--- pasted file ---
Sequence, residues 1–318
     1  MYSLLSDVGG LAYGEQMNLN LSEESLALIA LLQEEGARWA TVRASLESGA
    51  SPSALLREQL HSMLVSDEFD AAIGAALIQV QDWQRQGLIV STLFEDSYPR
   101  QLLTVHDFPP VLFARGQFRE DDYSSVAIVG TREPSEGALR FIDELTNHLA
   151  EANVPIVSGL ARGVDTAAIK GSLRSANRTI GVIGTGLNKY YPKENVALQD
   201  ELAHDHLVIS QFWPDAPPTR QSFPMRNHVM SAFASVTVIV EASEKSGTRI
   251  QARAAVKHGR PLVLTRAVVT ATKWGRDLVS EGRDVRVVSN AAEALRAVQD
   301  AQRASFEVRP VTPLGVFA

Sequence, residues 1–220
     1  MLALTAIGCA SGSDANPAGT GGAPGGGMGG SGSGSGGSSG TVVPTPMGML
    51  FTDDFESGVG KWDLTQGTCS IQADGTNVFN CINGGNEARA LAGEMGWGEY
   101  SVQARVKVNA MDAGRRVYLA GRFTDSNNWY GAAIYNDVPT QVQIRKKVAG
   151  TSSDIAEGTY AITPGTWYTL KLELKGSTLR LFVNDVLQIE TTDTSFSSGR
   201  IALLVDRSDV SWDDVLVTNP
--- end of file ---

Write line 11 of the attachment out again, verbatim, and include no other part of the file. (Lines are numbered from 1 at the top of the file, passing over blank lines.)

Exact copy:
    51  FTDDFESGVG KWDLTQGTCS IQADGTNVFN CINGGNEARA LAGEMGWGEY